I don’t know if I would have sung at the Met as Maestro Pescia promised in the far away future, but talent, faith and (mazel) luck mean a great deal!
This splendid book by Stefan Zucker deserves our plaudits, readership and thanks. Mr. Zucker may be an iconoclast but where else and who else can produce such a range of reading on the human voice. “Make a joyful noise unto the Lord” prevails in the brilliance, charm and love that Stefan Zucker has put into these volumes. They keep opening a magic box that modern events have tried to silence by declaring them of the past, forgotten, or of no use. Open the magic box and a pinata of voices come out to enlighten and make one listen to a continuing era of beauty, individuality and creativity! Bravo Stefan Zucker! Franco Corelli Volume 3 Bel Canto Society – 358 pages
The elegant JW Marriott Essex House in New York City was the scene of the annual Opera Index Spring Lunch on Sunday, April 29th, honoring much-loved patron, humanitarian and philanthropist Karl Michaelis. After greetings and “thumbs up” to so many friends and familiar faces, the effervescent President, Jane Shaulis who is THE Jane Shaulis Metropolitan Opera mezzo soprano, sang the opening welcome. It literally “brought down the house” as voices quieted and expectations ran high. In her introductory remarks, Ms. Shaulis eagerly shared the monies collected over the years and the great help it was for so many young and gifted singers. Three talented artists provided the grand entertainment followed by a delicious lunch. All the young artists were accompanied by Michael Fennelly, whose pianistic virtuosity conjures up a full orchestra and gives both reassurance and pleasure.
Kathryn Henry, soprano was the first, singing “Je dis que rien ne m’épouvante” from Bizet’s Carmen. She sang with power and precision, good breath control, poignant French and evoked Micaela’s basic goodness. Geraldine Farrar and Rosa Ponselle, great sopranos were challenged by Carmen, Farrar made Carmen a silent film hit with Cecil B. DeMille and roughed up Enrico Caruso, her Don Jose and some choristers when she returned to the Met Opera. (Hollywood influence) Ponselle, smarting from some critics’ opinions, retired from opera in 1937. Ponselle was struck by the “Curse of Carmen” breaking her arm during a performance in Baltimore. Ms. Ponselle’s filmed Hollywood screen test survives (1938), ironically with the great soprano doing some exciting singing and dancing. Ms. Henry need not worry, her voice rang free and clear. Her encore later on was, “It never was you” from Kurt Weil’s “Knickerbocker Holiday.” It was a captivating Broadway song with wistful and beguiling tone and Ms. Henry sang it beautifully. Kathleen Henry is a charming singer with a beautiful voice and a kilowatt smile. All of this was part of her satisfying presentation as a young artist as George Gershwin would say or Georges Guétary in the film An American in Paris “on her way to the stairway to paradise.”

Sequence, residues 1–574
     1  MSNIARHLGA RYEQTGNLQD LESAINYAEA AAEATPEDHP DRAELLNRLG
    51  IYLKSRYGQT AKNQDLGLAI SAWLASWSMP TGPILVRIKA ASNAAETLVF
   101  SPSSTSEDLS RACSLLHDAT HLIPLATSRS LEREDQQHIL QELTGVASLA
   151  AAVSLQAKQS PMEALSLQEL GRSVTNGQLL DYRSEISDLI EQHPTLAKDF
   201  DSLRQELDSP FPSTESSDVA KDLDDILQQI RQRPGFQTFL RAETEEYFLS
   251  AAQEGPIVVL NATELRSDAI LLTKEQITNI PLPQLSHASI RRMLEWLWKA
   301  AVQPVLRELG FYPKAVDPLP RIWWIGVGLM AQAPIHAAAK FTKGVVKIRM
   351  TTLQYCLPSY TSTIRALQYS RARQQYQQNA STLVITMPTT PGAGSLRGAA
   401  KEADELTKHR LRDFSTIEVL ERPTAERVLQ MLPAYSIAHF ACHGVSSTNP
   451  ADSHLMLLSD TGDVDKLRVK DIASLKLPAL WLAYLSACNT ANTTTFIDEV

Michele Angelini has grown in name and fame but is still “a wonderful guy” in his friendliness and personal charm. He sang “Ah mes amis” from La fille du Regiment by Donizetti. This aria, with its 9 high C’s, catapulted Luciano Pavarotti to fame. Michele Angelini is very secure in the upper register and each note was hit securely. He did not sound like the usual bleaty tenor giving us a lemon tart but rather like a master baker with a great pizza in fact 9 of them! His middle register has grown in size and I see a Duke and other great Verdi roles in the future. He gave us all a shot of adrenalin and we look forward to a very promising future for this outstanding tenor.
Soprano Michelle Bradley recently appeared at the Met Opera’s Norma as Clotilde and will soon appear as Donna Anna in Mozart’s Don Giovanni in Santiago, Chile. Ms. Bradley, a Houston native, opened with “D’amor sull ali rosee” from Verdi’s Il Trovatore. Her powerful voice was lowered for some wonderful soft passages and to show what she took away some small refinement. Ponselle and Milanov had perhaps finer pianissimi but Ms. Bradley has her own way of following the operatic highway and she articulates the speed bumps full drive rather than slowing down. Her soprano is rich and opera worthy and she will be a formidable contender for “whose the best” in the not too distant future.